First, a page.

Introduction / History
The Chulym have lived in the Chulym River Valley in South Central Asia since the late 1500's when their ancestors were forced out of Western Siberian Tatar territory. Once settled in the Chulym River Valley, they intermingled with other Turkic peoples and eventually become the group known as the Chulym or Chulym Tatar.
Because 1,200 miles of waterway separates the Chulym from other Siberian Tatar and they are now part of the Khakass tribal system, they have developed a distinct dialect of the Tatar language. Unlike some other groups, the Chulym population cannot be identified as a cohesive group either by their language or ethnic background. Some have been so completely assimilated into the surrounding Russian or Khakass populations that they no longer speak their own language. Many now speak Khakass or Russian. Although this may be tragic to their culture, it would allow them to understand Russian Scriptures.
What Are Their Lives Like?
Vast forests originally provided the Chulym with all they needed to live - animals for meat, furs, and hides, fish and cedar-pine nuts for other foods. However, in the 1760's, the Russian government began construction of the Moscow-Siberian highroad, which cut across the Chulym steppe. The new road opened the way for hundreds of thousands of Russians to pour into Chulym territory and establish their own claims on the land. The Russian settlers slashed and burned huge tracts of forest to create land for agriculture and villages.
The loss of the forests destroyed the Chulym's traditional way of life. Some retreated north into marshy woods, some hired out as laborers to the Russians, and others were forced to harvest the trees that had sustained them - trees that were now used as fuel for Russian steamships.
What Are Their Beliefs?
Although most Russian Tatar are classified as Sunni Muslim, the Chulym seem to be shamanists (they believe in an unseen world of gods and demons), a belief probably influenced by their close association with the Khakass people. At one time the shaman (priest or medicine man) was considered a healer, religious leader, and philosopher. Because the Chulym believed evil spirits captured sick people, the shaman performed elaborate rituals that included shaking a rattle to make noise and waving a kerchief to scare away the evil spirits. He (or she) also offered a propitiatory sacrifice of soup and a sheep as part of the belief that the shaman descended to the "underworld" to talk the evil spirits into letting the soul go. The shamanistic practices were always accompanied by a blood sacrifice. While neither Christianity nor Islam succeeded in ousting shamanism entirely, the practice seems to have disappeared in recent decades.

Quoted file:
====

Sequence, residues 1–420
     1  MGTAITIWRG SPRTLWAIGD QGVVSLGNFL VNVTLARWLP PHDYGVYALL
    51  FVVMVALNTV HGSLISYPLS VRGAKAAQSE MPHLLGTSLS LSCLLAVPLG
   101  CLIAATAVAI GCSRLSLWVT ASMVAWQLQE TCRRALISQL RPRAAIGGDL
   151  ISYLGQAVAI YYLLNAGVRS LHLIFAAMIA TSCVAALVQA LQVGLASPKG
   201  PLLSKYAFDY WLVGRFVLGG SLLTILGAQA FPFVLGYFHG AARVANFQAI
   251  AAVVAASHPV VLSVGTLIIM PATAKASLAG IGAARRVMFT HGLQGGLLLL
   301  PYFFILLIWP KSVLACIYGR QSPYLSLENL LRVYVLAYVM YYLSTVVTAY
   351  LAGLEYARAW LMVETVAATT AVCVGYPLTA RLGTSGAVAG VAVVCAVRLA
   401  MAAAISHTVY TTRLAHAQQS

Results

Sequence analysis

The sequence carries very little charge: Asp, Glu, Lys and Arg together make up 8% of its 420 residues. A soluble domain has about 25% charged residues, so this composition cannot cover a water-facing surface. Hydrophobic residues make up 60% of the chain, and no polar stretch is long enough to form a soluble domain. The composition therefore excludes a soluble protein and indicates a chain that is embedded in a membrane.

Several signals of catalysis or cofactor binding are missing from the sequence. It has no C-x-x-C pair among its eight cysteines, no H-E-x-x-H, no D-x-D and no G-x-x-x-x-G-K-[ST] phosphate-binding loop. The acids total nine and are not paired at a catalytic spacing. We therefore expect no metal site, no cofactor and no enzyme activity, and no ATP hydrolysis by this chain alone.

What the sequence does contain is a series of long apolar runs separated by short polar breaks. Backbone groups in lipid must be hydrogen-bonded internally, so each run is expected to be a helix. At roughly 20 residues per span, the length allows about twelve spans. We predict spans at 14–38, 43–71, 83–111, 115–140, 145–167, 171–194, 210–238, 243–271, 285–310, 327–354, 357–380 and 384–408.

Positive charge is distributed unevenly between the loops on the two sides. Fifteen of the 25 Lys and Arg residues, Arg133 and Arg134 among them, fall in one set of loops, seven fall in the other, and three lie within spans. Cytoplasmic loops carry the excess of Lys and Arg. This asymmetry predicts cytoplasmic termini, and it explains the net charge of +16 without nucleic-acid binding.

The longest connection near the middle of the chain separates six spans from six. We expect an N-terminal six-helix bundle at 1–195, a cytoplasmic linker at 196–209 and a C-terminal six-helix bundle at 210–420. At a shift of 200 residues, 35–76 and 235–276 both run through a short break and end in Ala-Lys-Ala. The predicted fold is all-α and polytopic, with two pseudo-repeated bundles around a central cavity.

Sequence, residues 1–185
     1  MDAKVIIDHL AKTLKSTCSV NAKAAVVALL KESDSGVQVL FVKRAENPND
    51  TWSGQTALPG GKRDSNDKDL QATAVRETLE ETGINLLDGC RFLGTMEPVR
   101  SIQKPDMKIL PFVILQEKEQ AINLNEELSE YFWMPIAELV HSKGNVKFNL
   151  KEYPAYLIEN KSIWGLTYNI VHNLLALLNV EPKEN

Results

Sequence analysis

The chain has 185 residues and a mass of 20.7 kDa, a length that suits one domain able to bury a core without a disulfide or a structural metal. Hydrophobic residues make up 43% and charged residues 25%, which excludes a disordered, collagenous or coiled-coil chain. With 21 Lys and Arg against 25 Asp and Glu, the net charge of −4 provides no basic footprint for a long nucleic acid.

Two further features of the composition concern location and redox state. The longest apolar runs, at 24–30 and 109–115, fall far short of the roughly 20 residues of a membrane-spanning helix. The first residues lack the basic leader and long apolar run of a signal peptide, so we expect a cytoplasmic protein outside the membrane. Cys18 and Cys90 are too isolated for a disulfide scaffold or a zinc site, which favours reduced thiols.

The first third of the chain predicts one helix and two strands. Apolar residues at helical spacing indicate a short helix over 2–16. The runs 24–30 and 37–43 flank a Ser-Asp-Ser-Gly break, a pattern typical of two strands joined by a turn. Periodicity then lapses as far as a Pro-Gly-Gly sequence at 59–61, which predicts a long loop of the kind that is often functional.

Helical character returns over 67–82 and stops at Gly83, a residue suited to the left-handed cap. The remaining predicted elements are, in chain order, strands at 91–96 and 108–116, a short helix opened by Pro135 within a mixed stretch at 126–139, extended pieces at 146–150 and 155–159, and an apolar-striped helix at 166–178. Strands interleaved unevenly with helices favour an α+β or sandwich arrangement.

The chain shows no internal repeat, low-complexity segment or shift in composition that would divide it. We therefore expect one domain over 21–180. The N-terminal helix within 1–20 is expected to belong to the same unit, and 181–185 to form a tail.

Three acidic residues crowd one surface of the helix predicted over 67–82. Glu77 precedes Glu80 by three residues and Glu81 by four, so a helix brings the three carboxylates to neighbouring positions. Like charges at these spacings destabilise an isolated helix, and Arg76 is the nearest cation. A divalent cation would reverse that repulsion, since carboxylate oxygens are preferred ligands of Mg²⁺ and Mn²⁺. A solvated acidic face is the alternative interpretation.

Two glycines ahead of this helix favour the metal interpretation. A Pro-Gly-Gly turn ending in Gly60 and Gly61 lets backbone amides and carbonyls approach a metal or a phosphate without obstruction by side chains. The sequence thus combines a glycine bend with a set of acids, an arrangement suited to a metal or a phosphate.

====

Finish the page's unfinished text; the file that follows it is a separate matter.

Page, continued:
The Chulym were forcibly Christianized in about 1720 by Philophey, Metropolitan of Tobolsk, but this did not totally wipe out their traditional beliefs.
What Are Their Needs?
Russia has repeatedly exploited both the land and the people in this area. They have stripped the land of natural resources, trampled and misused the environment, and forcibly relocated the people. The government encourages parents to put their children in distant boarding schools, and many that leave do not return.
Conditions among the minority peoples in northern Russia are below the rest of the Russian population. Nuclear testing in this area has caused infant mortality to skyrocket. In some areas life expectancy is only 45 years. The Chulym do not have adequate health care, shelter, or transportation. They live on a subsistence diet of potatoes and bread, and lack safe drinking water. Telephones and electricity are scarce. Additional Christian tools and workers are needed.
* Pray that Lord will send forth Christian medical teams and health care workers to live among the Chulym of Russia.
* Ask God to grant wisdom and favor to missions agencies ministering to the Chulym.
* Pray that Russian Bibles will be placed in the hands of the Chulym who understand the Russian language.
* Ask the Lord to bring forth a triumphant Chulym church for the glory of His name!
|Profile Source: Bethany World Prayer Center|